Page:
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In climate move, Wolf unveils new methane regulations for oil and gas industry

State environmental regulators will develop new regulations aimed at curbing methane leaks from new and existing oil and gas infrastructure.

Joe Ulrich / WITF

State environmental regulators will develop new regulations aimed at curbing methane leaks from new and existing oil and gas infrastructure, like this gas processing equipment in Lycoming County.

Governor Tom Wolf announced new plans Tuesday to cut methane emissions from the state’s oil and gas sector. Methane is a powerful greenhouse gas that contributes to climate change. Wolf’s announcement follows a similar move by the U.S. Environmental Protection Agency in September.
“These are commonsense steps that Pennsylvania can take to protect our air and reduce waste for industry,” Wolf said in a statement. “The best companies understand the business case for reducing methane leaks, as what doesn’t leak into the atmosphere can be used for energy production.”
The rules will create a new permit for oil and gas companies requiring them to use the best available technologies to prevent leaks at well sites and compressor stations. The state Department of Environmental Protection also plans to develop new regulations to curb leaks at existing oil and gas infrastructure.
Methane is the main component of natural gas. Compared to carbon dioxide, it is a much more potent greenhouse gas, although it stays in the planet’s atmosphere for a shorter time period. On a 100-year time scale methane is more than 25 times more powerful than CO2, according to the EPA.
From a climate perspective, natural gas has become an attractive fossil fuel alternative for electric power generation. When burned, natural gas emits about half the carbon pollution compared to coal, which remains the nation’s largest source of electricity. However scientists have warned that the methane leaks caused by drilling, transporting, and processing gas could undermine its climate benefits. Recent research has focused on finding the “super-emitters”— places where leaks are significant.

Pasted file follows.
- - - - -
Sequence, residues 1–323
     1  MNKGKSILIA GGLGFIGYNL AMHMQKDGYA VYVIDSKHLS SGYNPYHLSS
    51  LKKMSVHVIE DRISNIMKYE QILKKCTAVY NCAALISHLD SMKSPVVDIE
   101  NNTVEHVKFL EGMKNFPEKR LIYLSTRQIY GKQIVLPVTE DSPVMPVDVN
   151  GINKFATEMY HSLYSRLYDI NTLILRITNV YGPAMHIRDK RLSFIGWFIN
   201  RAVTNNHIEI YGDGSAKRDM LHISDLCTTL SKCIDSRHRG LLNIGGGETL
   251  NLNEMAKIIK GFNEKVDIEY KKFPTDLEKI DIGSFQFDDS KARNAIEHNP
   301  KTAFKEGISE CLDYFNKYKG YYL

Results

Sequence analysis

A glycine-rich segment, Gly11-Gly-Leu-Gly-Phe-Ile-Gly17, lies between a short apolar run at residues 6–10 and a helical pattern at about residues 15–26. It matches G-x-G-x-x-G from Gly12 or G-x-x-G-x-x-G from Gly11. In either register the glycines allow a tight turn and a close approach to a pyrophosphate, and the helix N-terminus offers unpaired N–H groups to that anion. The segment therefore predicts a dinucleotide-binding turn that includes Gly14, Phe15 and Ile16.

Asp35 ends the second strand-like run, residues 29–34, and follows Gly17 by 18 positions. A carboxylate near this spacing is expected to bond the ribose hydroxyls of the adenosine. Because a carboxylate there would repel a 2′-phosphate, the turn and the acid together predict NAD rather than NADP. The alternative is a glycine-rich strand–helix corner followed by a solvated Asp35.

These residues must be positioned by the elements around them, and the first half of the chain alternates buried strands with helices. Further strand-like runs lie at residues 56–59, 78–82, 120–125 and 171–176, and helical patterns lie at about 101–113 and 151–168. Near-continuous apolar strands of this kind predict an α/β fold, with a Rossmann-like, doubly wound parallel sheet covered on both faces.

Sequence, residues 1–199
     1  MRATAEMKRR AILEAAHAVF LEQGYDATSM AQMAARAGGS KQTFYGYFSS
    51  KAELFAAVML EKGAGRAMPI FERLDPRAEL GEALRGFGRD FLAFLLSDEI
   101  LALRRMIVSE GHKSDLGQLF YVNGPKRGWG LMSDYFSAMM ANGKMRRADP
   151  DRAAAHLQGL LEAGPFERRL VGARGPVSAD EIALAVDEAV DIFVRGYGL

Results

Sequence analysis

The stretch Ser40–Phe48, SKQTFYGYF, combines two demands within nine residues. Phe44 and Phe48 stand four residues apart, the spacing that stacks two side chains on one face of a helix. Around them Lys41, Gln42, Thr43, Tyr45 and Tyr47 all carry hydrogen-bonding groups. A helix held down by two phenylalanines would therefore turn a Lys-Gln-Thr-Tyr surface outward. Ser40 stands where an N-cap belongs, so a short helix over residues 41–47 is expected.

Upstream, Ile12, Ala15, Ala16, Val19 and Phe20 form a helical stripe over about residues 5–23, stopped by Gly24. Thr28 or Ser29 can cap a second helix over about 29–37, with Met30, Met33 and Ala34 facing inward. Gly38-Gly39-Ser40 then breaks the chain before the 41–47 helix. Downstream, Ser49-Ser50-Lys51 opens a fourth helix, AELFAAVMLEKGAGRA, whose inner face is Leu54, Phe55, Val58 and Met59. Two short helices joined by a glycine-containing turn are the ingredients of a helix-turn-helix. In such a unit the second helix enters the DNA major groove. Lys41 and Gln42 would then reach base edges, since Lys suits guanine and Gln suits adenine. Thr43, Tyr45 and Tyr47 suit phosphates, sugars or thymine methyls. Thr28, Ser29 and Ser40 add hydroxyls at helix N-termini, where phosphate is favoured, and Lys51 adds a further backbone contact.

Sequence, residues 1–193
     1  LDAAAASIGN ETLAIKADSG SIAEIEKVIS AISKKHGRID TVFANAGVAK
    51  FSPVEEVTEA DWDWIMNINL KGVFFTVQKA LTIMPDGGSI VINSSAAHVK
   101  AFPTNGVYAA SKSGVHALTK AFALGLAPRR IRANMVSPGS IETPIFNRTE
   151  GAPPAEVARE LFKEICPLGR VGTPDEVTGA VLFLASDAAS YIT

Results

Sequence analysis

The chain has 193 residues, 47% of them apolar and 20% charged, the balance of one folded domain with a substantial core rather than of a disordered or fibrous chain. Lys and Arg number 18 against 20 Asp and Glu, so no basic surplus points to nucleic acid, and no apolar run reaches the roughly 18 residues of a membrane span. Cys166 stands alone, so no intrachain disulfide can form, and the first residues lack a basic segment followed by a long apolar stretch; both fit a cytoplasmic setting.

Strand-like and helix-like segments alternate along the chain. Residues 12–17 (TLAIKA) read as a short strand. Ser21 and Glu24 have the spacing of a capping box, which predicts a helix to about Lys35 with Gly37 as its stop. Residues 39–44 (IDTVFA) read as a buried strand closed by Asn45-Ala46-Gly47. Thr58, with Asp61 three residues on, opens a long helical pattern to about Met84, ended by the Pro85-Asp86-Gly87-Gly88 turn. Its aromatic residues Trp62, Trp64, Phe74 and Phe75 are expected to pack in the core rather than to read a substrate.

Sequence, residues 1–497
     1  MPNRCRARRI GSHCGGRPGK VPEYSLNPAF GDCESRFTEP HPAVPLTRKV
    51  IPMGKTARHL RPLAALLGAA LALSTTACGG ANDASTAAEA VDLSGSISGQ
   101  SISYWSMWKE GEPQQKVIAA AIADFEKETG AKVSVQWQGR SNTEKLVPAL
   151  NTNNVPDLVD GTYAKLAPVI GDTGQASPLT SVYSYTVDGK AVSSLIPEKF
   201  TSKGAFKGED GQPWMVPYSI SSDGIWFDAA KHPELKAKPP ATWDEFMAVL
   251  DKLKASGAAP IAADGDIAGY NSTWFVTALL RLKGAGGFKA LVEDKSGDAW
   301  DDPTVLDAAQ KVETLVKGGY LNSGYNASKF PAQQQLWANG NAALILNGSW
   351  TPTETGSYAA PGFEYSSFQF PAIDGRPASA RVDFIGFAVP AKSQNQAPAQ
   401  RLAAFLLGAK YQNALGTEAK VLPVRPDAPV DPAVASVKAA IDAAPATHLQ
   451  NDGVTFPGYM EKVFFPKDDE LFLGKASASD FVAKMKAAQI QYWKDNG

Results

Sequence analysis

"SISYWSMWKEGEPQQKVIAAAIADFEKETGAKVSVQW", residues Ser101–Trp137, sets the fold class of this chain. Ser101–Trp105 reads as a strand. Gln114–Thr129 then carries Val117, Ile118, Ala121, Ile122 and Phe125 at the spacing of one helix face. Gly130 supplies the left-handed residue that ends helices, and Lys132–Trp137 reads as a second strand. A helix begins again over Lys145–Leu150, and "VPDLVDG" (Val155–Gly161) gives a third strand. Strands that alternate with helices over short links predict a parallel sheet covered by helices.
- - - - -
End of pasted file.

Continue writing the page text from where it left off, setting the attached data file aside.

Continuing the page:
According to the DEP, Pennsylvania’s Marcellus Shale industry reported nearly 115,000 tons of methane emissions in 2014. The agency considers that a low estimate, since fugitive emissions are difficult to quantify.
The new rules will have four parts. From the announcement:

  • To reduce leaks at new unconventional natural gas well pads, DEP will develop a new general permit for oil and gas exploration, development, and production facilities, requiring Best Available Technology (BAT) for equipment and processes, better record-keeping, and quarterly monitoring inspections.
  • To reduce leaks at new compressor stations and processing facilities, DEP will revise its current general permit, updating best-available technology requirements and applying more stringent leak detection and repair (LDAR), other requirements to minimize leaks. A new condition will require the use of Tier 4 diesel engines that reduce emissions of particulate matter and nitrous oxide by about 90%.
  • To reduce leaks at existing oil and natural gas facilities, DEP will develop a regulation for existing sources for consideration by the Environmental Quality Board.
  • To reduce emissions along production, gathering, transmission and distribution lines, DEP will establish best management practices, including leak detection and repair programs.

The DEP will hold a webinar on the methane rules Wednesday at 11:30am.
Environmental groups applauded the move.
“Gov. Wolf’s bold leadership takes an important and much needed step toward protecting the health of Pennsylvania citizens from drillers’ harmful methane pollution,” says PennFuture CEO Larry Schweiger. “This industry is recklessly wasting natural resources and appears to care little about the health of its neighbors or the rapidly warming planet.”
The Marcellus Shale Coalition, a trade group representing Pennsylvania’s gas industry, says it’s committed to working with the Wolf administration and legislators on the issue.
“It cannot be overstated that shale-related methane emissions continue to steeply drop as production sharply climbs,” says MSC President Dave Spigelmyer. “These positive results are a function of the industry’s widespread use of operational best practices and continuous investments aimed at protecting and enhancing our environment greenhouse gas.”

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